Ski season gets under way in Utah

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SALT LAKE CITY -- Despite balmy weather, most of Utah's ski resorts are anticipating opening by the end of the month.

Brighton and Solitude resorts have already opened. Brian Head is planning on opening later this week.

The Utah ski industry is a billion dollar business.

"We create 20,000 jobs and bring $1.3 billion into Utah's economy. Not insignificant, for sure," said Nathan Rafferty, the president of Ski Utah.

Utah's ski resorts are hoping to improve on the past five years, which reported an overall decline in visitors.

"Everything goes up and down," said Jason Dyer, a spokesman for Snowbasin. "We had a not-so-lustrous year, two years ago. Last year, I think it was about average. I really think we're going to have a great year."

In 2010, Ski Utah recorded 724 inches of snow (snow totals are measured at Alta). That same year, Ski Utah recorded 4.2 million skier visits. In 2011, only 384 inches of snow was reported. Ski visits also dropped to 3.8 million.

"The last two years were below average, but that's why they call it an average, right?" Rafferty said.

None of the resorts have made major infrastructure improvements this year, Rafferty told reporters at an event promoting the 2013-14 ski season. Some resorts have partnered together to offer passes that allow people to ski or snowboard at several different places for one price.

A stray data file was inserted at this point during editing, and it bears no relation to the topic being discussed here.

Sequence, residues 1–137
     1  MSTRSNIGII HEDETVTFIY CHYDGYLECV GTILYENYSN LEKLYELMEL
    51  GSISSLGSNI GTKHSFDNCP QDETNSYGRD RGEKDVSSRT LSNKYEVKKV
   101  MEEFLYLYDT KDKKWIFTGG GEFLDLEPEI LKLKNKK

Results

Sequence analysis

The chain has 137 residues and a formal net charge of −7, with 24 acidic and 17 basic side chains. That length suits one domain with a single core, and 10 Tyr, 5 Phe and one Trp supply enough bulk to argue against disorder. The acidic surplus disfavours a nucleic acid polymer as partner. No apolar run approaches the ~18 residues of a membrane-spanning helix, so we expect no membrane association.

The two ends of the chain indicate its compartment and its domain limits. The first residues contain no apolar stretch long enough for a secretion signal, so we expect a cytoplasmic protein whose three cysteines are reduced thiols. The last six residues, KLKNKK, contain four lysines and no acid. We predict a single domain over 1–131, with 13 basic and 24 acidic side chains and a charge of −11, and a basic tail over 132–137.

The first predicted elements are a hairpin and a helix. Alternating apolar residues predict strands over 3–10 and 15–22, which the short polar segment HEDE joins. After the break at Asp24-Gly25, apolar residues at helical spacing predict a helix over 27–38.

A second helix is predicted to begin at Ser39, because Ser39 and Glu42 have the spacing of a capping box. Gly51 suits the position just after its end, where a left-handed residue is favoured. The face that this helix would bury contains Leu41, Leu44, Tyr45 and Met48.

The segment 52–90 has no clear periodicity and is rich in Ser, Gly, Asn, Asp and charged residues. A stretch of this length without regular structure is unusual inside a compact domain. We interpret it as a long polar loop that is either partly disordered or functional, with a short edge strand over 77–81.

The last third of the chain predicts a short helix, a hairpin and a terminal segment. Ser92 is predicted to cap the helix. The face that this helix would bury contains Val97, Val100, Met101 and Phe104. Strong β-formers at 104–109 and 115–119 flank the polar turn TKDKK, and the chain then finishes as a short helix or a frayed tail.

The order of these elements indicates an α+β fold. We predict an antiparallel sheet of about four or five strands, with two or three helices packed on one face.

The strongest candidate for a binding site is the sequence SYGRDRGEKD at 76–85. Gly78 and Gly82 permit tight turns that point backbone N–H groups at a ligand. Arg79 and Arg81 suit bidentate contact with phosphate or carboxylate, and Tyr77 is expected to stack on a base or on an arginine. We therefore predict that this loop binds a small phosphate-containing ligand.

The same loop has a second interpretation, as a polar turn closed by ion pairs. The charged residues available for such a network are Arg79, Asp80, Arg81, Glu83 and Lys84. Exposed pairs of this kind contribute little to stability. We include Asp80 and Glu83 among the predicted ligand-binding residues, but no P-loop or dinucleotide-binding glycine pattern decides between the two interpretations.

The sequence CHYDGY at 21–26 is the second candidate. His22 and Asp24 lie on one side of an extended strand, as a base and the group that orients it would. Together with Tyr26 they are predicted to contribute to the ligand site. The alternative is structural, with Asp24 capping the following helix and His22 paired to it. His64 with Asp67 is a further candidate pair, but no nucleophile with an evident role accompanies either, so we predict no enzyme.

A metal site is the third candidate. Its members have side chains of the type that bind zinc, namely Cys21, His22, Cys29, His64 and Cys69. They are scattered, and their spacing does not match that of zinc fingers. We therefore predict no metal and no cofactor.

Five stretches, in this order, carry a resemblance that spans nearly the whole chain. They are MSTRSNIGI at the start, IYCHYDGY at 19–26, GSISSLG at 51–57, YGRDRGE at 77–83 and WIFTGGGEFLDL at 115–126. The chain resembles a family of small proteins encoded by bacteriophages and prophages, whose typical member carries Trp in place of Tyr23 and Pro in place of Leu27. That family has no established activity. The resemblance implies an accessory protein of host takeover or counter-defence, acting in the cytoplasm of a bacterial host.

"We've had a great reception to our season pass sales," said Andy Miller with Park City Mountain Resort. "I think a lot of it has to do with the pass benefit between us, Snowbird and Deer Valley."

Park City Mountain Resort is celebrating its 50th anniversary this year, in the midst of a legal battle for its future. The mountain's landlord, Talisker, recently served it with an eviction notice. Miller said they were assured their season would not be interfered with while the lawsuit moves forward.

"We're focused on putting together a great season, our biggest season yet, our 50th season," he said. "We're letting the lawyers take care of the dirty work."

Rafferty said Ski Utah was watching the legal issues with interest, but had to wait and see what happens next.

"We're certainly concerned," he said Tuesday. "We know it's going to come to a resolution at some point. We'll promote whatever comes out in the end."

The opening date for Utah's ski resorts are:

  • Alta - November 22
  • Beaver - mid-December (snow permitting)
  • Brian Head - November 15
  • Brighton - Open
  • Canyons - November 29
  • Deer Valley - December 7
  • Eagle Point - December 19
  • Park City Mountain Resort - November 23
  • Powder Mountain - November 27
  • Snowbasin - November 28
  • Snowbird - November 20
  • Solitude - Open
  • Sundance - December 6
  • Wolf Mountain - December 5

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